This is great although I didn’t manage to get all things done today. Got up to sewing and neatening side seams. I struggled with remembering which side to lay the seams between the armhole and bodice – I don’t have a serger.
You can put the seam allowances in opposite directions to help eliminate bulk. You’ll have time to catch up before the next post!
I’m making v3 with the collar from v1. As I didn’t have access to any knit interfacing, I decided to line the bodice as in v1. Does it matter which order I attach the collar and sleeves?
Personally, I’d do the sleeves first and then the collar because the collar could get in the way of installing the sleeves. It’s kind of like mixing a cake, it’ll still turn out alright if you decide to do the other order, but it will be less worrisome if you put the eggs in before the milk.
I’m using a mock overlock stick for the finished edges, but the stitching doesn’t look nearly as nice as it would on a serger unless I stitch further back from the edge of the fabric. But then the stitching would show in the neckline hem. Is there a way to make the mock overlock stitch look nicer?
I like using the 3-step zig zag as a finish on finicky edges because it usually lays pretty flat. It’s the zig zag that looks like little dashes instead of a solid line. You could try using that stitch. Or, does your machine let you change the settings of the mock overlock? Maybe you could make it a little narrower, and then you could sew in from the edge a little more.
Mock overlock gets messy when I’m finishing a single layer of fabric. I will definitely try the 3 step zigzag on the skirt and pocket edges. Great suggestion.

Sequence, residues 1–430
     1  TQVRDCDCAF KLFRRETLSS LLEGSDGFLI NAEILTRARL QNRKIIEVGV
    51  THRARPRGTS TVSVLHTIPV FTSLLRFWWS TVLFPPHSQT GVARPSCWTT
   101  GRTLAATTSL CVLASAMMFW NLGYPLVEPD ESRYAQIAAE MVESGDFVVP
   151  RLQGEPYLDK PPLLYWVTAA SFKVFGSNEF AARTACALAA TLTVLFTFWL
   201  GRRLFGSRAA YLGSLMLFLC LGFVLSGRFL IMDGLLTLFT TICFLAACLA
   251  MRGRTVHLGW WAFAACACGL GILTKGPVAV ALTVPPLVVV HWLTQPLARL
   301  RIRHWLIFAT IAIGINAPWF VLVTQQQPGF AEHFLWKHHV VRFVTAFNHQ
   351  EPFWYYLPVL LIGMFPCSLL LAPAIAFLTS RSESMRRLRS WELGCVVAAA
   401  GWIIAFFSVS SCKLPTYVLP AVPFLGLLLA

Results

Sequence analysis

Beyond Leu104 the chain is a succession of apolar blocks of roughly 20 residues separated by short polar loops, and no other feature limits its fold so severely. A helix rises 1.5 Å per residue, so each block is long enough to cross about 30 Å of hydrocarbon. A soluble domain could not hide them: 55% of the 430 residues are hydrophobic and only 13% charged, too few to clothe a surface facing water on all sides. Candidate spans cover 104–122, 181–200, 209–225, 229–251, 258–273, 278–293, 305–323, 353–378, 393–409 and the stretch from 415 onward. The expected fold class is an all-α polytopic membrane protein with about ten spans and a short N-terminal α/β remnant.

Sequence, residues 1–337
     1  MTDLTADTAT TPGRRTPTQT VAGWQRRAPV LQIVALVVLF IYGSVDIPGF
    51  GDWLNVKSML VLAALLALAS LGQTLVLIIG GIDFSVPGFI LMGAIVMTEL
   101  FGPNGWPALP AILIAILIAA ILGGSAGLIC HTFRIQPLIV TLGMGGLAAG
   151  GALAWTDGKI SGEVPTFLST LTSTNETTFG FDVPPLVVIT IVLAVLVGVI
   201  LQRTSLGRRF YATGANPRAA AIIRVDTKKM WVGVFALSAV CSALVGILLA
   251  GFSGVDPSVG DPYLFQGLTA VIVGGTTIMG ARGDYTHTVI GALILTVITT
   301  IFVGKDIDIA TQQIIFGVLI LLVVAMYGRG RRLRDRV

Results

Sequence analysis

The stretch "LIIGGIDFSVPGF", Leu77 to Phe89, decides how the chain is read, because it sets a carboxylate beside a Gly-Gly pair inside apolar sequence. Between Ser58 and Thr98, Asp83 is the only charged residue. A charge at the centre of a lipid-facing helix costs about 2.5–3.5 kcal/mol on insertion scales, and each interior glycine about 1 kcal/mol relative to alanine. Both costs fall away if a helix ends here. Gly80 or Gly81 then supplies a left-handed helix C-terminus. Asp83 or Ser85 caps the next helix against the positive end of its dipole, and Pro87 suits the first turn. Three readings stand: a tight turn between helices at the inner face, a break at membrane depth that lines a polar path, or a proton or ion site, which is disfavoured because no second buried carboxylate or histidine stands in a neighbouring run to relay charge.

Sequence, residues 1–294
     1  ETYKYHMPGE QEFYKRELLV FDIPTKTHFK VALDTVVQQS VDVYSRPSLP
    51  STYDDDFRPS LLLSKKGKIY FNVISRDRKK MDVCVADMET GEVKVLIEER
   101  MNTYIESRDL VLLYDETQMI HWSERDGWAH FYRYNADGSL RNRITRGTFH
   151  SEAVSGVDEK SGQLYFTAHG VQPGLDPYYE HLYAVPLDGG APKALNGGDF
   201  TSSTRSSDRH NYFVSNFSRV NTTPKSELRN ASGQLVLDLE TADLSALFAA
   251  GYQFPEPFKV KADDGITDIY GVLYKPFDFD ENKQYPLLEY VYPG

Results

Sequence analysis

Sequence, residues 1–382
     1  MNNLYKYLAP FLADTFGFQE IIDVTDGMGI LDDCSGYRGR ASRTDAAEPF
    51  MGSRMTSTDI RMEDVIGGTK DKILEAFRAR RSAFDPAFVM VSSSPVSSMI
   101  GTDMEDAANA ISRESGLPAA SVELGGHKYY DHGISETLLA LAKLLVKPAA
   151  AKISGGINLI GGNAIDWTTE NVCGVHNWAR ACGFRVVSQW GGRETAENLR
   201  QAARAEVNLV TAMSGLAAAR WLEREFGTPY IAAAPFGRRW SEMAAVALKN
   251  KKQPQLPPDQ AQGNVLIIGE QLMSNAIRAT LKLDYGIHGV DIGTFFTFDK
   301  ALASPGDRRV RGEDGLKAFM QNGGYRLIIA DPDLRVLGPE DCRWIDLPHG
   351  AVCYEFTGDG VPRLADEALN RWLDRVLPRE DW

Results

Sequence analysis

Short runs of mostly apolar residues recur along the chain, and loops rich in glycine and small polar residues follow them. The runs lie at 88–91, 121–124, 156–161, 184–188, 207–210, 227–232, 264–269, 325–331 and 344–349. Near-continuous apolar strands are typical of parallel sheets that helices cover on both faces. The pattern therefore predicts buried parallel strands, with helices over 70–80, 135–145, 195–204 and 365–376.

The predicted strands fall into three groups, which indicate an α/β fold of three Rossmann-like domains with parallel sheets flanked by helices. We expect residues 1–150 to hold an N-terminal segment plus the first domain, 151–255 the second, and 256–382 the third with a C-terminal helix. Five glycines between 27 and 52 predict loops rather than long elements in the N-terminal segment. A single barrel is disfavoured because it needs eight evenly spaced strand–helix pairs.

Is that normal that I cannot back stitch with the twin needle nor with normal needle when I use the special stretch stitch (it jams each time) ?
Which stretch stitch are you using? If you’re using the reinforced straight stitch, then there’s no need to backstitch since the whole thing is really like one big backstitch.
When using the twin needle, you should just be using your regular straight stitch.
I guess I use the reinforced straight stitch.
For the twin needle I use normal straight stitch, still makes a mess if I back stitch.
I have an even more serious problem, I don’t manage to use the double needle because the needles get stuck into the finished edge each time, it makes a terrible mess, what can I do ? At this stage I am thinking to cut the finished edge and redo it without finishing the edge, in order to save the dress..I even use a walking foot ..What do you recommend ?
If the twin needle is giving you too much trouble, there are other hemming methods you can use with just one needle. You could just hem with a zig zag stitch, or use a honeycomb stitch, which looks like this: http://www.singerco.com/sewing-resources/stitch-detail/134
And yes, you could cut off the edge finish and just leave the edge raw, since as a knit it won’t fray.
Also make sure that your bobbin is wound and threaded correctly.
Thanks ! I didn’t know the honeycombe stitch was used for stretch fabrics.
Just finished my Moneta and I LOVE IT! Thank you for guiding me through each step with this wonderful sew-a-long. BIG HUGS to Colette Patterns-patterns that I will wear in real life! :D Will blog about it very soon and attach links to your pattern shop and this sew-a-long. Excellent work! (As scurry off to begin the Macaroon dress…)
Hi! I just finished the bodice on version 2. I used a stretch stitch on my regular machine. Do I need to finish the seams somehow? Zigzag & trim? The fabric is ITY.